- For more details, read the full article, Why Is the Pandemic So Hard on Young People?
- For more information on how to Soothe Intense Emotions with the 5 Senses, view this Trauma Coping Toolkit video.
- For details on how savoring positive experiences can change the brain for the better, check out Just One Thing: Be Mind Full of Good.
12/16 - Pandemic Brain Hijak
In an article titled, 10 Ways Your Brain Reacts to Uncertain Times, neuroscientist Amishi Jha explains how the pandemic is hijacking our brain's attention.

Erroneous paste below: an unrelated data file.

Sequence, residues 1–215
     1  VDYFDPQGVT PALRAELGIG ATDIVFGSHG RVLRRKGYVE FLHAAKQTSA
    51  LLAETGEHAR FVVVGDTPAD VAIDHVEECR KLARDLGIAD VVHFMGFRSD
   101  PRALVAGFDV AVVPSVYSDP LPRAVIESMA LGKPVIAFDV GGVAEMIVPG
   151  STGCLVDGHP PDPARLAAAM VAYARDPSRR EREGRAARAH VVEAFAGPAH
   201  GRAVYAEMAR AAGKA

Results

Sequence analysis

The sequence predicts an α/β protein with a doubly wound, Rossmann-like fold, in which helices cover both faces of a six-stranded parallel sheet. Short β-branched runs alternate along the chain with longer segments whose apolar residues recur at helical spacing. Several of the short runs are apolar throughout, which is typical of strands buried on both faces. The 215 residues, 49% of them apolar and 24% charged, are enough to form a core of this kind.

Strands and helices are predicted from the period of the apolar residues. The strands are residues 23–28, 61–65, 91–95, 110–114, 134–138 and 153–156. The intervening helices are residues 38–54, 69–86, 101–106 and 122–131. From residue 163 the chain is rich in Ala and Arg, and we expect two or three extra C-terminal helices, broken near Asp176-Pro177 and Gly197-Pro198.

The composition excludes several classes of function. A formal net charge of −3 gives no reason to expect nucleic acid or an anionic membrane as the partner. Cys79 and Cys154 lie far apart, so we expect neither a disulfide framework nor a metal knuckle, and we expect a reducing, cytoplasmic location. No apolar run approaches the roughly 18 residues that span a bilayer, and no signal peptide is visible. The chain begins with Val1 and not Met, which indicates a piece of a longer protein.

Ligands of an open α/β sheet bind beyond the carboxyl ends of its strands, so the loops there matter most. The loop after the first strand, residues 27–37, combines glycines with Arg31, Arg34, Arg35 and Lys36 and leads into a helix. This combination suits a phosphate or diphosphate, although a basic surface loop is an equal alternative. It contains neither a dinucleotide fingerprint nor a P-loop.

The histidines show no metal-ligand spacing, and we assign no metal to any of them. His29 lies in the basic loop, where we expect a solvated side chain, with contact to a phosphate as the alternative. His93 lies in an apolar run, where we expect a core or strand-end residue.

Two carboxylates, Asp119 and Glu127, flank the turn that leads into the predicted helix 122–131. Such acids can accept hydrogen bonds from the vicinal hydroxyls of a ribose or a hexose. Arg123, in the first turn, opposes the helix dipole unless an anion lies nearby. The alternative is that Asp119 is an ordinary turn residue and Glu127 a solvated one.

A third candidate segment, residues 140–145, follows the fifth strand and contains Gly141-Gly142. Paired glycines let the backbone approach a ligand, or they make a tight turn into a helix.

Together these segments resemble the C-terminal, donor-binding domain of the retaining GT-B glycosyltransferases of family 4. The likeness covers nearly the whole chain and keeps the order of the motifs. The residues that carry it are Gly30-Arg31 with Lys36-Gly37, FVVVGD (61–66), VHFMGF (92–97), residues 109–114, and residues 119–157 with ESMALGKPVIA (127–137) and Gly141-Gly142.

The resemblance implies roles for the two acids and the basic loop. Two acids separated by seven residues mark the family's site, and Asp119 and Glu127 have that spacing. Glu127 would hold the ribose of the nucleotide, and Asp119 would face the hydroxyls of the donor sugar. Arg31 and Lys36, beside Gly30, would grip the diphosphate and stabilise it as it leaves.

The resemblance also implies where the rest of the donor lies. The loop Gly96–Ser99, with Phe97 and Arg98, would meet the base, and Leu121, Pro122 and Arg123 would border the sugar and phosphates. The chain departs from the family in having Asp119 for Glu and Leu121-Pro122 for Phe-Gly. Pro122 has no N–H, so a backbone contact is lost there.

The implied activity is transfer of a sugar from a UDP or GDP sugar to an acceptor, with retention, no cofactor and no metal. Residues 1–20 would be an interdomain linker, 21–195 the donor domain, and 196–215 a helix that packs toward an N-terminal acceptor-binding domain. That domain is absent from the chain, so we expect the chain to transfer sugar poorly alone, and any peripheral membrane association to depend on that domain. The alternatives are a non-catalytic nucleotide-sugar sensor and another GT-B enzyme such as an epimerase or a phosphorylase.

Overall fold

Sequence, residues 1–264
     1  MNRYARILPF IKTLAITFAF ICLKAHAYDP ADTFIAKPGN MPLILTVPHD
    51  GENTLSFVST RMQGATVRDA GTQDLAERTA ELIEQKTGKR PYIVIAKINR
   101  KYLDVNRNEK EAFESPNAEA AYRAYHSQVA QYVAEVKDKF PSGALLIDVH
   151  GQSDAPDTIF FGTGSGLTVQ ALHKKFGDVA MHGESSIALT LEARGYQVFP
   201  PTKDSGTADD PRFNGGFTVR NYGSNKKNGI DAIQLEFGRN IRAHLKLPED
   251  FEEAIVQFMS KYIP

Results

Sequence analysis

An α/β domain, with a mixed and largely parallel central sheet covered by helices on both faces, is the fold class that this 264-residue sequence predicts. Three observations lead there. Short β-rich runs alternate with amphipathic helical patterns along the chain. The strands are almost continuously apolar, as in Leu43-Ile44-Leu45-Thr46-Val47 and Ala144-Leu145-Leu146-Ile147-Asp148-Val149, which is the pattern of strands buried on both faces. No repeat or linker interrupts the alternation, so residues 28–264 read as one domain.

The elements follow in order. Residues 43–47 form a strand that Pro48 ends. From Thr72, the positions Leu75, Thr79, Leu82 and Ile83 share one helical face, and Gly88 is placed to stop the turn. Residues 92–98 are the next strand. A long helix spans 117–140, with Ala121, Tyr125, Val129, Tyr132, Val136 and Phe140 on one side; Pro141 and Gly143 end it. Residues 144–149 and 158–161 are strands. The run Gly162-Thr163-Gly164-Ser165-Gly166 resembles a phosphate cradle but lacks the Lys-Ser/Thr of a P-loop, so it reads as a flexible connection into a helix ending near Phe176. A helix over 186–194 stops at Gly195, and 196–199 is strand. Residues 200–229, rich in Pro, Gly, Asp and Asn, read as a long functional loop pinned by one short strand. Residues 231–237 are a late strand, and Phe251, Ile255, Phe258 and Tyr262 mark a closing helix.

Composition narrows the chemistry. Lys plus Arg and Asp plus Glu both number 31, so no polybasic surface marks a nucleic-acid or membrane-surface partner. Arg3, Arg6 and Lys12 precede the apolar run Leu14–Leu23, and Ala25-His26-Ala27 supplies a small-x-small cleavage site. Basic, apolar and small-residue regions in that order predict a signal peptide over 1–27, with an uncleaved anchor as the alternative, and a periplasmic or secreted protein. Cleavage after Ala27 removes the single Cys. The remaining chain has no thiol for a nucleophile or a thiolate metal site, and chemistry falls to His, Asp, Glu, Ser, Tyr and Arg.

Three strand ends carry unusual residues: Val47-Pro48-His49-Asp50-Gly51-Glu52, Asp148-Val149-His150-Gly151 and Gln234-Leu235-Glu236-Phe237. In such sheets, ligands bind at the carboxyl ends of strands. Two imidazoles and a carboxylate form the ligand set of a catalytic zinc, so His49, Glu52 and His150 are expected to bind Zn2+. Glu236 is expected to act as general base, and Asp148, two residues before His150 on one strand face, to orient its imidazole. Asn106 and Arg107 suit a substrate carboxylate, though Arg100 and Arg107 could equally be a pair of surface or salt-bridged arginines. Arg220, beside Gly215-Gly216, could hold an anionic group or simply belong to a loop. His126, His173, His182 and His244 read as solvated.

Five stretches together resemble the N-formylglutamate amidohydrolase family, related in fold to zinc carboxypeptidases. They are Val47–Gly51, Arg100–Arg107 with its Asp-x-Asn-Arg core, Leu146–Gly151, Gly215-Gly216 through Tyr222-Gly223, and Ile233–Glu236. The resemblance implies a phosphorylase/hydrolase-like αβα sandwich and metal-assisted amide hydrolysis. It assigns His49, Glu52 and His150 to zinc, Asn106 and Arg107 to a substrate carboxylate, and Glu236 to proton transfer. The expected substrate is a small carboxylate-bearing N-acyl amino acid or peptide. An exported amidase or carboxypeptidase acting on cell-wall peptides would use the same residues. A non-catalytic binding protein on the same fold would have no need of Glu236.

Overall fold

"Volatility. Uncertainty. Complexity. Ambiguity. In my lab at the University of Miami, these four words (shorthanded to 'VUCA') describe the type of high-stress, high-demand scenarios that can rapidly degrade one of our most powerful and influential brain systems: our attention. If you’ve been feeling overwhelmed or unfocused; if you’ve struggled with staying on task or been blindsided by emotion during this time—me too! This is precisely what our prior research regarding the human brain’s attention system would predict. Your attention system is complex and multifaceted, but the more you know about how it works, the more able you will be to navigate VUCA events. This article explains 10 things you need to know about your attention—and how to protect it—that will serve you not only through this crisis, but for the rest of your life."